The Iraqi commander of the Baghdad security crackdown on Tuesday announced a surprising series of measures to stem sectarian violence as...
BAGHDAD, Iraq — The Iraqi commander of the Baghdad security crackdown on Tuesday announced a surprising series of measures to stem sectarian violence as word emerged that anti-U.S. cleric Muqtada al-Sadr had left the country ahead of the arrival of 21,500 U.S. troops sent by President Bush in the drive to pacify the capital.
A senior U.S. official said Tuesday the firebrand Shiite militia leader had left Iraq some weeks ago for neighboring Iran and is believed to be in Tehran, where he has family. But aides to al-Sadr told Reuters today that he remained in Iraq.
In an address to the nation on behalf of Prime Minister Nouri al-Maliki, Lt. Gen. Abboud Gambar ordered the return of unlawfully seized homes in an effort to counter the displacement and agony caused by sectarian cleansing of mixed Sunni-Shiite neighborhoods in Baghdad.
Also among 14 measures meant to help retake the country from terrorists and outlaws — including those in uniform — the army and police were ordered to submit to checkpoints, and borders with Syria and Iran were temporarily closed.
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The decree also authorizes cordoning off neighborhoods, house-to-house searches, emergency detentions and electronic eavesdropping. Gambar also said Baghdad’s nighttime curfew would be expanded by an hour, and permits allowing civilians to carry weapons in public would be suspended during all of the operation, which he suggested could last weeks.
The U.S. military announced last week that the security clampdown had already begun, although Iraqis have seen little evidence of that. President Bush has committed 21,500 more Americans to the operation, which is expected to involve a total of 90,000 Iraqi and U.S. soldiers.
Gambar, a Shiite and a veteran of the 1991 Gulf War when he served in Saddam Hussein’s army, said security forces also plan to monitor mail, parcels, telegrams and wireless communication devices during the operation.
His address suggested Iraqi authorities plan to exercise wide powers while waging the crackdown. A criminal court, for example, will hold emergency hearings on cases such as murder, theft, rape, kidnapping, damaging public property and the possession and transfer of arms and ammunition, he said.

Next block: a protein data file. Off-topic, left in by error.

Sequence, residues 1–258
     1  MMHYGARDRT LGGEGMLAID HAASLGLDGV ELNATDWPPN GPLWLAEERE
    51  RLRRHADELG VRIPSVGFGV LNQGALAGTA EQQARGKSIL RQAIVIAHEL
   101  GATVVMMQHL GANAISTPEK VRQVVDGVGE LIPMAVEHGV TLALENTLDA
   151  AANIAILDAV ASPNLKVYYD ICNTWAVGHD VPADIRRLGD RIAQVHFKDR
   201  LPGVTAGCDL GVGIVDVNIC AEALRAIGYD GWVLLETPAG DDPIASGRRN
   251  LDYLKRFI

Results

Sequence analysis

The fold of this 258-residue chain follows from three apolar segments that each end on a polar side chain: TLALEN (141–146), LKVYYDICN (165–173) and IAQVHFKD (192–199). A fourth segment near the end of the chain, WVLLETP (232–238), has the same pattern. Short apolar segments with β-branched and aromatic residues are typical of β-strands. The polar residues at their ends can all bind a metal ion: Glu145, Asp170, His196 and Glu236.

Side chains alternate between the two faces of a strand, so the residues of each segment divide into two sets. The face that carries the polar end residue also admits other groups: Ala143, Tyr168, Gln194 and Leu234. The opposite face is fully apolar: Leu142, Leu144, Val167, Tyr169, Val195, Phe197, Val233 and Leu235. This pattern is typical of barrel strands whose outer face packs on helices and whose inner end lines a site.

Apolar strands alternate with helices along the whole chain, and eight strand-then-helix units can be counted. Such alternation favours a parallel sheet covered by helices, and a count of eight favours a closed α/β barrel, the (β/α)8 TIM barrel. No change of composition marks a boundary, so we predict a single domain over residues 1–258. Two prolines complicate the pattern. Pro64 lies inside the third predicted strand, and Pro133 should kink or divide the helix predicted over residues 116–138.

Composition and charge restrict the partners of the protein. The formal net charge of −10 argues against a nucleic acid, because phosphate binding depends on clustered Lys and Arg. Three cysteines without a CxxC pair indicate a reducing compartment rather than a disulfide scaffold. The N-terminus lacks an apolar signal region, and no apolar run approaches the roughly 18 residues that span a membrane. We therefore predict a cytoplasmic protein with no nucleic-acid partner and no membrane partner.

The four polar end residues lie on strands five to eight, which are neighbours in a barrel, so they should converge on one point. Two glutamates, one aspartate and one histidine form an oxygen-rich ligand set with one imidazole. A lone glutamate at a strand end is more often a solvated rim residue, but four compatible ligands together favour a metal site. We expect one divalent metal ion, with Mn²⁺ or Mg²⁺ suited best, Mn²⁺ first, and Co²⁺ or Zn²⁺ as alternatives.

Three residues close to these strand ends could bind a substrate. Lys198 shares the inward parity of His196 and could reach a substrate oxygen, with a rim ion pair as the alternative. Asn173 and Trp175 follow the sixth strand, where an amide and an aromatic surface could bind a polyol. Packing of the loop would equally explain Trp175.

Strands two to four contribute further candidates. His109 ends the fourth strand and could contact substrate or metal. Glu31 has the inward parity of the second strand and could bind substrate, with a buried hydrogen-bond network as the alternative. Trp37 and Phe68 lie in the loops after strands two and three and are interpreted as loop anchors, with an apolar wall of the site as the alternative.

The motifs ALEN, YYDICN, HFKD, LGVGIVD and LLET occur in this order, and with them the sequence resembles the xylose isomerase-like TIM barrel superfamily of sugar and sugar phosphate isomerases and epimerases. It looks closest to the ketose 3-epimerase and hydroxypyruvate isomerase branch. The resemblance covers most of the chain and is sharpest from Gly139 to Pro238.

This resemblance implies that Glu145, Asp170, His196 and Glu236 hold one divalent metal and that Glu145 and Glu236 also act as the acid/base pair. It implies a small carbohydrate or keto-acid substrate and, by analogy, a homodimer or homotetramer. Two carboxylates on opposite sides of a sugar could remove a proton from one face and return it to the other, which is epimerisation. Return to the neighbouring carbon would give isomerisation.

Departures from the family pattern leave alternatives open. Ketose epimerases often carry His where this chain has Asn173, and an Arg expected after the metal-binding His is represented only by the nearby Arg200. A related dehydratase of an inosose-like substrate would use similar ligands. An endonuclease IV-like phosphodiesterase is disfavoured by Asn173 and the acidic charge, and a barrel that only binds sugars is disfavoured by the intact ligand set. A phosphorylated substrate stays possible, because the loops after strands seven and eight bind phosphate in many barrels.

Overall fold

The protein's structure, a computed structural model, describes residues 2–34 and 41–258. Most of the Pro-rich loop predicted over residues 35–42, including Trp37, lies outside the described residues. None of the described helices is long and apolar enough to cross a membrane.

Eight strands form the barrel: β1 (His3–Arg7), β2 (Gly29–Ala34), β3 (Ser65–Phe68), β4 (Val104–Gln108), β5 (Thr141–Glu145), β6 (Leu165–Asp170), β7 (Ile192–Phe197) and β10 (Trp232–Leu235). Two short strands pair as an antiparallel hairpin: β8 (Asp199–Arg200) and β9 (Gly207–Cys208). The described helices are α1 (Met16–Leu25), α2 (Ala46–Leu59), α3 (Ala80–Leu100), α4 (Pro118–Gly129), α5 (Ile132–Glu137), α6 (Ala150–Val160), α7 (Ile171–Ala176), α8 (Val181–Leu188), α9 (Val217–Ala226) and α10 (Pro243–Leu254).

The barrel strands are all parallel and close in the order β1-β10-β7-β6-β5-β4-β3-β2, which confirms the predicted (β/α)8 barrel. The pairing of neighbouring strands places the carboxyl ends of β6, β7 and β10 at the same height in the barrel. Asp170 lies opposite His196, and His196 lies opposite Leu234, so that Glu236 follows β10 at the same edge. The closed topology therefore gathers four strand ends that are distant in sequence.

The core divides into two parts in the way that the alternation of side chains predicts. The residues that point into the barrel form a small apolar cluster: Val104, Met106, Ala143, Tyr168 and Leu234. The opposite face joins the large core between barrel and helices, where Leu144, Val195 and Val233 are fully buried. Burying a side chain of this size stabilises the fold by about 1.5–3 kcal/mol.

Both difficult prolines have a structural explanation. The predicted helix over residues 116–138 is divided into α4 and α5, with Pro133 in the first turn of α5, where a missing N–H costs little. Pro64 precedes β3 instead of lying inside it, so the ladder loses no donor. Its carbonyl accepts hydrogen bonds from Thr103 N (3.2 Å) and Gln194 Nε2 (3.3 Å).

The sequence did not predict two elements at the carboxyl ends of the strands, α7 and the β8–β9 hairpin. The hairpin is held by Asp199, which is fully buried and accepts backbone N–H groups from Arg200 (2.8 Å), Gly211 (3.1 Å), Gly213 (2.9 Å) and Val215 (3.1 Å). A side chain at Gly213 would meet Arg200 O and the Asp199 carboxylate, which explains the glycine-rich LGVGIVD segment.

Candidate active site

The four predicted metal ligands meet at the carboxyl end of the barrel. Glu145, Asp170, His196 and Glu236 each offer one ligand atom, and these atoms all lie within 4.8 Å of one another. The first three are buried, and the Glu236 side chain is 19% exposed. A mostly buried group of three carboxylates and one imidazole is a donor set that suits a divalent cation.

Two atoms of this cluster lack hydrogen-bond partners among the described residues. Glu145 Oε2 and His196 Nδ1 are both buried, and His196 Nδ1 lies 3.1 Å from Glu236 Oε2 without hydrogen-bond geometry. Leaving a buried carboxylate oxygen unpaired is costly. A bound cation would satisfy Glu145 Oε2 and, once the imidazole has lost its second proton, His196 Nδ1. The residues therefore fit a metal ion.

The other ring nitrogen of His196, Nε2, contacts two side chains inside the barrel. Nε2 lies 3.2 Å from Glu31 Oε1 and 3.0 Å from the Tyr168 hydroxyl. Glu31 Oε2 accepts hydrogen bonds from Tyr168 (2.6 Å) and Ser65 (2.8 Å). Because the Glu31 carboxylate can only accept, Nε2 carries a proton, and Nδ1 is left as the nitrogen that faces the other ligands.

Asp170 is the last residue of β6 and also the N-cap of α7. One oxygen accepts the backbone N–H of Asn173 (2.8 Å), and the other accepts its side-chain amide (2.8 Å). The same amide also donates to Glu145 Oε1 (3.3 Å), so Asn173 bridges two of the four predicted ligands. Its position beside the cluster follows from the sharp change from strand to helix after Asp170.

He said security forces would try to avoid intruding in places of worship but added that they would do so in “cases of extreme emergencies when it is feared that these places pose a threat to the lives of citizens or if they are used for unlawful purposes.” U.S. and Iraqi authorities have often said Sunni Arab insurgents use mosques to store arms or fire at troops.
A suicide truck bombing Tuesday was the latest in a series of attacks since Bush and al-Maliki announced more than a month ago that they would launch the security crackdown.
Gambar’s announcement came hours after the bomber struck a government warehouse in a mainly Shiite Muslim neighborhood of the capital, killing at least 15 people and wounding 27, according to police and hospital officials. A parked car bomb also exploded near a bakery in another Shiite area, killing four people and wounding four, police said.
The general did not say when the borders would close, but another official said it was expected within two days. The official, who spoke on condition of anonymity, added that the borders would only partly reopen after the 72-hour closing. The United States has long charged that Iran and Syria let extremists use their territory to slip into Iraq to attack U.S. and Iraqi forces and civilians.
The official in Washington said al-Sadr’s move to Iran is not believed to be permanent. Al-Sadr left his Baghdad stronghold possibly because of fractures in his political and militia operations, said the official, speaking on condition of anonymity.
Conflicting reports over the cleric’s location emerged today, with Nassar al-Rubaei, head of the Sadrist bloc in Iraq’s parliament, and a second aide, who declined to be identified, saying al-Sadr remained in Iraq.
The militia of al-Sadr, whose departure was reported by several television networks, is widely seen as the main threat to Iraq’s unity and high on the list of targets for the Baghdad security operation. The campaign is widely seen as possibly the U.S. military’s final attempt to calm the city.
In other violence, an American soldier died in combat Sunday in volatile Anbar province, west of Baghdad, the U.S. military announced, raising to 42 the number of American personnel killed this month.
Iraqi police reported finding 28 bullet-riddled bodies showing signs of torture. Most of the bodies turned up in Baghdad.
Iran explosion: A car-bomb explosion killed at least 18 members of Iran’s elite Revolutionary Guards who were riding a bus near Zahedan in southeastern Iran, the official Islamic Republic News Agency reported today.
Hostile fire: A Marine CH-46 Sea Knight helicopter that crashed last week northwest of Baghdad, killing all seven on board, was shot down, the U.S. military said today. Officials initially said they believed it was mechanical failure.